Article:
Brussels wants media concentration to become a European Union issue. French billionaire Vincent Bolloré is testing how serious it is.
The European Commission is set to decide by Wednesday night whether to open an in-depth probe into the takeover of France’s leading publishing group Lagardère by Vivendi, the media conglomerate owned by controversial media tycoon Vincent Bolloré. The deal is facing strong criticism from lawmakers and economists warning that media freedom in France is in danger and urging Brussels to intervene.
Bolloré – who started his businessman career by turning around his family’s paper factory and is now one of France’s richest men – has become a controversial character partly because of his conservative political leanings and a series of takeovers in the media industry. His empire now spans from logistics in Africa to videogames.
Bolloré’s Vivendi brings together communication agencies, publishing houses, gossip magazines and TV channels which have been criticized for spreading far-right ideas and contributing to the rise of far-right presidential candidate Eric Zemmour. More recently, Bolloré’s C8 channel has been under fire, including by French regulators, for letting a popular TV host insult a member of parliament who criticized Bolloré during his show.
The proposed deal would make him the full owner of France's leading publisher Hachette, and also of printed newspapers Paris Match and Journal du Dimanche as well as radio stations including Europe 1. His bid to take full control of Lagardère – a group in which he already has a majority share – has sparked worries in France from left-wing politicians and also among allies of French President Emmanuel Macron.
All eyes are now on the EU competition officials who have to decide whether to clear the deal or to extend their investigation, which raises the prospect of a potential veto.
“It’s a risk for democracy,” said David Cormand, a French Green member of the European Parliament who, together with some of his French colleagues, urged the Commission to block the deal in a letter first reported by POLITICO.
The group of lawmakers, including an MEP from Macron’s Renew group, argues that an EU clearance would see Brussels reneging on its bid to become the watchdog of media freedom on the Continent. This is the ambition of the European Media Freedom Act proposed in September which still needs to win political agreement. Even if it does enter into force, it won't give the Commission any new powers to block deals in the name of media pluralism.
“The EMFA does not aim as such to prevent media ownership concentration – the proposal does not set any thresholds for media market concentrations or for national media market measures,” a Commission spokesperson said. The text will set out ways to assess the effects of deals on media pluralism and editorial independence via a procedure “separate to the one done under competition rules.”
Another Commission official stressed that "preserving media plurality is not within the remit of EU competition rules. EU merger reviews solely concerns the competition effects of proposed transactions." Indirectly, competition enforcement "contributes indirectly to media plurality," the person said.
But French politicians and some media experts would like the EU’s competition watchdog to also step in and use the Vivendi/Lagardère case as an opportunity to change its approach and do more to protect media pluralism.
“We should probably change our paradigm,” said Céline Calvez, an MP from Macron’s LREM party, noting that merger reviews that focus on a company's share in a precise market –such as news magazines or book publishing – don’t properly measure groups that stretch across different media industries, such as Vivendi.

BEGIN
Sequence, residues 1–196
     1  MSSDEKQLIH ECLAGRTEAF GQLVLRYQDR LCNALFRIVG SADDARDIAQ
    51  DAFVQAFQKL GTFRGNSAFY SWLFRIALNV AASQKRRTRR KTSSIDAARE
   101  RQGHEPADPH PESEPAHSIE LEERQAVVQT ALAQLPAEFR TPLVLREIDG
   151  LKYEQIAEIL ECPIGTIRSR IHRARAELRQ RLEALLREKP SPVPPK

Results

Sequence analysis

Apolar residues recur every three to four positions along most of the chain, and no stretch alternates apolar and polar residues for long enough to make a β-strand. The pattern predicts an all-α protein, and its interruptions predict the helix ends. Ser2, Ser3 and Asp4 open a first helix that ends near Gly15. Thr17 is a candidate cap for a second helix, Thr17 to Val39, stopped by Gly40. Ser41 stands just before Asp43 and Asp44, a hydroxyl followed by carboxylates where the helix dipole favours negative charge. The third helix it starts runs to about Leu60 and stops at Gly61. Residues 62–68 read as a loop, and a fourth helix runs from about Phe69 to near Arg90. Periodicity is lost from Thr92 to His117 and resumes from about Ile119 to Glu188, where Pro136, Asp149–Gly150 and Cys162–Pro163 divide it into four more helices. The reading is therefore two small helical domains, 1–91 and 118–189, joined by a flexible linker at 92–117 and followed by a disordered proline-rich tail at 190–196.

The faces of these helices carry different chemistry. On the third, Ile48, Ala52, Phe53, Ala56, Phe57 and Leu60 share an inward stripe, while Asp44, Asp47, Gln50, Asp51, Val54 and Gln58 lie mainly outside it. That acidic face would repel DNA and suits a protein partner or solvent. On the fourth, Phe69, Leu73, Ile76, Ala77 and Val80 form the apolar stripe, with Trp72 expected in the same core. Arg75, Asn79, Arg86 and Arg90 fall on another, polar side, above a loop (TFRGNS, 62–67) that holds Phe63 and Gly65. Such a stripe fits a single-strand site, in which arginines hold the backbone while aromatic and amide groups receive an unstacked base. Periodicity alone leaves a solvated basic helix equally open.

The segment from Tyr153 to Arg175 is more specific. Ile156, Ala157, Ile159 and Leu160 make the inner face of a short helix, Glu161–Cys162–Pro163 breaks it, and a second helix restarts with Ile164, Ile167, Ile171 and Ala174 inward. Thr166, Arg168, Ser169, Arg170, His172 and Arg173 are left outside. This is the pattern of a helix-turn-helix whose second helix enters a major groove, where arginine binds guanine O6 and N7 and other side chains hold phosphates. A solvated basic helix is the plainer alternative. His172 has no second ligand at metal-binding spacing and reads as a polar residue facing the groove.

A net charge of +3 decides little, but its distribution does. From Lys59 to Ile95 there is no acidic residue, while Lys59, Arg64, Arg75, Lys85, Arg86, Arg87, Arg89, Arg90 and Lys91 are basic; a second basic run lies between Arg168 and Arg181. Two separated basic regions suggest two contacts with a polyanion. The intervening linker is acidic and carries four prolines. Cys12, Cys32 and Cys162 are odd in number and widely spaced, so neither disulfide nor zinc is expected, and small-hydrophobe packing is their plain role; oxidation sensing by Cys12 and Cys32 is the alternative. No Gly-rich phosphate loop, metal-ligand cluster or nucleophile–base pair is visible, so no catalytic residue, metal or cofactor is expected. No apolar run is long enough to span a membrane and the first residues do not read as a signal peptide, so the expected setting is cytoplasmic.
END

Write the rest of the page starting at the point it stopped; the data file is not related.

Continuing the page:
For Julia Cagé, a left-leaning media economist, the EU authority's narrow focus on economic competition "basically amounts to regulating the size of bakeries."
"A media is not a baguette," she said, calling for competition regulators to approach the industry differently and take a holistic view of the “attention market.” The Vivendi/Lagardère combination would reach more than one-third of the French population, she said.
Vivendi has so far only pledged to address competition concerns related to its publishing activities. Vivendi owns Editis, France’s second-largest publishing company, while Lagardère owns the country’s biggest publishing group Hachette. Vivendi has already said that it is ready to divest Editis to soothe regulators.
It didn’t bother to offer that divestment last week, a sign that it's willing to face an extended probe. A longer merger review can allow companies more time to try and challenge regulators' concerns and shape a more complicated offer to remedy any issues.
A Vivendi spokesperson declined to comment on any offer, stressing that "Vivendi's strategy is to build a world leader in the media, content and communications sector" and that the acquisition of Lagardère would contribute to "a better distribution of culture" in France and abroad.
Bolloré's politics worry some politicians more than his market power, said Patrick Eveno, a media historian at Paris Panthéon-Sorbonne University.
A devout Catholic, Bolloré has been accused of infringing on newsrooms' independence to push for stories in line with his views. Journalists from the weekly news magazine Paris Match, already partially owned by Bolloré, criticized editorial choices including putting a radical cardinal on the magazine's front page. Journalists from Le Journal du Dimanche – also under Vivendi's control – openly criticized the appointment of a new editor-in-chief, accused of being too close to Bolloré.
According to Eveno, Bolloré imposed a clear editorial line on media he took over and pushed for "a political vision at the service of the extreme right and its own business interests.”
“It is not a problem of concentration, but of Bolloré’s political toxicity on newsrooms,” Eveno said.